Where The Crawdads Sing becomes a motion picture thanks to Reese Witherspoon and her book club.
To put it bluntly, Delia Owens 2018 novel, ‘Where the Crawdads Sing,’ has been a bit of a phenomenon. It’s a New York Times Best Seller that rose to prominence as a selection in Reese Witherspoon’s Hello Sunshine Book Club. Thanks to Witherspoon, it has become one of the best-selling books of all time. So it was only a matter of time before a film adaptation was released. And, of course, it is produced by none other than Witherspoon herself.
The film focuses on Kya Clarke played by Daisy Edgar-Jones. She was abandoned by her family at a young age in the marshes of a coastal North Carolina town, forced to make her way in a world that has cast her out. Kya has come to be known as ‘The Marsh Girl’ by town residents, people who Kya herself wants nothing to do with, barring a select few. So when the body of a well-known young man is found in the marshes, all fingers point to Kya as the culprit. The film then splits into showcasing Kya’s history, intertwined with the present-day murder trial.
This film will sit well among fans of movies based on Nicholas Sparks’ novels. She is known for books such as ‘The Notebook’ or ‘Safe Haven’. Sometimes the plot and performances border on melodramatic, which is par for the course in these book-to-movie adaptations. It could potentially be difficult to relate to a girl who spends most of her time in the marsh avoiding human interaction. Still, Edgar-Jones manages to make the character interesting and sympathetic in a situation that is a bit farfetched in its premise (although she looks a little TOO clean and put-together at times, given her living situation).
Two relationships sit at the plot’s core:
The first with Tate played by Taylor John Smith. He is a handsome boy with dreams of going to college, and Kya’s first true love. Smith is exactly what the story asks for as Tate. He is handsome, charming, and kind, and there’s not much more to him. He does fine with the material presented, but there isn’t much depth to the performance. The second is Chase (Harris Dickinson), whose intentions are slightly more malevolent than those of the trustworthy Tate. Dickinson has the harder job here. He is tasked with bringing a sinister undertone to the character while also being charming enough that it’s believable Kya could fall for him. Dickinson succeeds with the task and then some, comfortable with becoming the villain when the story calls for it.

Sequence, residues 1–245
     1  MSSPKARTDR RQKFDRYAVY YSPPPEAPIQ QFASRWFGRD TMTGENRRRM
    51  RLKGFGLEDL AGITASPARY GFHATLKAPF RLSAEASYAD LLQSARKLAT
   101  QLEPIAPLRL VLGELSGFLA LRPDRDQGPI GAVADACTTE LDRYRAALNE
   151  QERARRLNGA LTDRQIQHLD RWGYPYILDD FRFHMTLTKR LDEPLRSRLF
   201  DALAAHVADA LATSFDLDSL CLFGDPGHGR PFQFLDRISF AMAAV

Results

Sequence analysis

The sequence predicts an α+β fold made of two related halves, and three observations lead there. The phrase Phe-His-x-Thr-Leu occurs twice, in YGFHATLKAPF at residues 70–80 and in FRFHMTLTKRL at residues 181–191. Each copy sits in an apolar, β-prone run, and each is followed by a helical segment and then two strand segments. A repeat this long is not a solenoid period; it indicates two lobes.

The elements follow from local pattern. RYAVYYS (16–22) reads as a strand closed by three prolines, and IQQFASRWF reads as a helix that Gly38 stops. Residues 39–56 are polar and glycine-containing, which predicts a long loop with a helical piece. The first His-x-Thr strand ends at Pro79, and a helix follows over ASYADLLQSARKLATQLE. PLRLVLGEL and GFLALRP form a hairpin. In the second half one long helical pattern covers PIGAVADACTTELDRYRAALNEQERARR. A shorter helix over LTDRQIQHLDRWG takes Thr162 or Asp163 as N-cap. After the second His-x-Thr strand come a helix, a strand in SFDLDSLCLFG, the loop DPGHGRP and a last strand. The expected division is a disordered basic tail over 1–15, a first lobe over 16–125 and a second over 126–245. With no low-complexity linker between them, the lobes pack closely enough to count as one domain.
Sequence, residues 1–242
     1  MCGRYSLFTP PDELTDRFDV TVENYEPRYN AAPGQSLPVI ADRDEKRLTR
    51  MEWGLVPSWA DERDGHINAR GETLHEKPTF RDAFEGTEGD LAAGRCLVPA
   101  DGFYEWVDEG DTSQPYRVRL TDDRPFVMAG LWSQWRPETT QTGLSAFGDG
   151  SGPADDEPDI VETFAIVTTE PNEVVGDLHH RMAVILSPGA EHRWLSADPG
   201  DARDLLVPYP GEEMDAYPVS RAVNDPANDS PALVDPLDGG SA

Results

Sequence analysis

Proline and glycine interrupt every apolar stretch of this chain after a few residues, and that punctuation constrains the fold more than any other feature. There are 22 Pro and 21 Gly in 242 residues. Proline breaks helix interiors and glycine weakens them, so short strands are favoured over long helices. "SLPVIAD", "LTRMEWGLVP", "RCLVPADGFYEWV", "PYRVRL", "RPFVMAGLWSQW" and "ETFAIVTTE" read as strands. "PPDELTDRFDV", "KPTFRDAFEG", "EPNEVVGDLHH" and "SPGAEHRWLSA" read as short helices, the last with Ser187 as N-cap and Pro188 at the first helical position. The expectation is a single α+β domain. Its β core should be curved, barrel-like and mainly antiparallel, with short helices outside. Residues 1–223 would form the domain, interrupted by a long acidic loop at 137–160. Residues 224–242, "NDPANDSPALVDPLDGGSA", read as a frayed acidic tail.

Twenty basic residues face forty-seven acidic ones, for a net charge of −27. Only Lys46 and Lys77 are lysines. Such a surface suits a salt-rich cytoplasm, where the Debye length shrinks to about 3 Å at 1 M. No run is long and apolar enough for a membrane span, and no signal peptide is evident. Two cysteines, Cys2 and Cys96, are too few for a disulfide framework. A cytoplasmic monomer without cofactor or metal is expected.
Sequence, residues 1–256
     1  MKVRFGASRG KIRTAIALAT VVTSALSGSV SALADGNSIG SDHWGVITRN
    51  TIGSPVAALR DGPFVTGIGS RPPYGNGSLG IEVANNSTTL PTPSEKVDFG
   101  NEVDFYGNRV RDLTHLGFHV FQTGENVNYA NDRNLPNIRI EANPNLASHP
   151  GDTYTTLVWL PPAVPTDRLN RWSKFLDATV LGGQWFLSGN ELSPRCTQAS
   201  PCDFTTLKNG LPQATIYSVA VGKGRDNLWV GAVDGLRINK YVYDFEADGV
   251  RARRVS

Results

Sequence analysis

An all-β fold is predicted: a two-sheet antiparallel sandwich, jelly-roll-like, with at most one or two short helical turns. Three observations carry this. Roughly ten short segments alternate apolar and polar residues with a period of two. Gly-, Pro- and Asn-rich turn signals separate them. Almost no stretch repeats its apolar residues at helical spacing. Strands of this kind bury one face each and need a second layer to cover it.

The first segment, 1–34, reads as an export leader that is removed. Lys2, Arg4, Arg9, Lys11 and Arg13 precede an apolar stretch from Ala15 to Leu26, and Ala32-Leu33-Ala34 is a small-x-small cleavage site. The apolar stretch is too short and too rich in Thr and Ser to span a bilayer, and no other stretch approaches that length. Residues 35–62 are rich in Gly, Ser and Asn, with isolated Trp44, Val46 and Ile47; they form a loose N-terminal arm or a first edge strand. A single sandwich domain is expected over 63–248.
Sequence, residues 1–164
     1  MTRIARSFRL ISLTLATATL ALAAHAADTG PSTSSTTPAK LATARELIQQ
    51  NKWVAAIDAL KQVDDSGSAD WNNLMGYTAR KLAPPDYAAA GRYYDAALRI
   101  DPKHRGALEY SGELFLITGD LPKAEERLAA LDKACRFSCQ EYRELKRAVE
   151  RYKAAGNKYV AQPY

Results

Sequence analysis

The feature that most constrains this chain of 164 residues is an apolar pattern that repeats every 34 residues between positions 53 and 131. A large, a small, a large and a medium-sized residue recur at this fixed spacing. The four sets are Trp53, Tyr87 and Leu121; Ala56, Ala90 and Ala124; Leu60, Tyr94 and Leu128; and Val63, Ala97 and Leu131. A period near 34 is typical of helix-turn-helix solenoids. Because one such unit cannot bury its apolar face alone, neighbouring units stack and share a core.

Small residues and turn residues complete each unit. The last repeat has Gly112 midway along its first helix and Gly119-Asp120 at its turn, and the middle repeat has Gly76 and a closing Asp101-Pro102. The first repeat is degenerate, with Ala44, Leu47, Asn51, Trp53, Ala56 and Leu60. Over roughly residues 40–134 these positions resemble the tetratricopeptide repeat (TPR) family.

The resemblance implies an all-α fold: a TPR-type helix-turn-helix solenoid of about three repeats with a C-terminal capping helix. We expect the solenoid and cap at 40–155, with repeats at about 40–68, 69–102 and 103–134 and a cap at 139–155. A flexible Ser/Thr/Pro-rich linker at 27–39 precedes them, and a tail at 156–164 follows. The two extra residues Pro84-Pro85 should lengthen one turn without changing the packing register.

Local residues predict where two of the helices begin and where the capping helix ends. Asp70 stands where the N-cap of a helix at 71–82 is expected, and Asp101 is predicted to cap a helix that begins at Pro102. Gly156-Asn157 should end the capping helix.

The film itself is a bit washed out in appearance. It’s a period piece and mostly takes place in a marsh, so the visuals quickly become dull in a film that’s overlong. The performances are enough to hold it all together (shout out to David Strathairn as the likable lawyer willing to go the distance to keep Kya from spending life in prison), but the film takes its time in getting to a satisfying resolution of the lingering intrigue that slowly trots along. Perhaps this is a matter of expectation on my part. I was hoping for more of a murder mystery in a story that’s ultimately more concerned with the romance and drama within the core of the three leads.
I give ‘Where the Crawdads Sing’ 3 out of 5 stars. Fans will be content with this faithful adaptation of the hit novel. However, those hoping for a deeper mystery might find something lacking in this overlong, slow burn. It will be in theaters on Friday, July 15, 2022.
the film has some depictions of sexual assault that could be difficult for some to watch.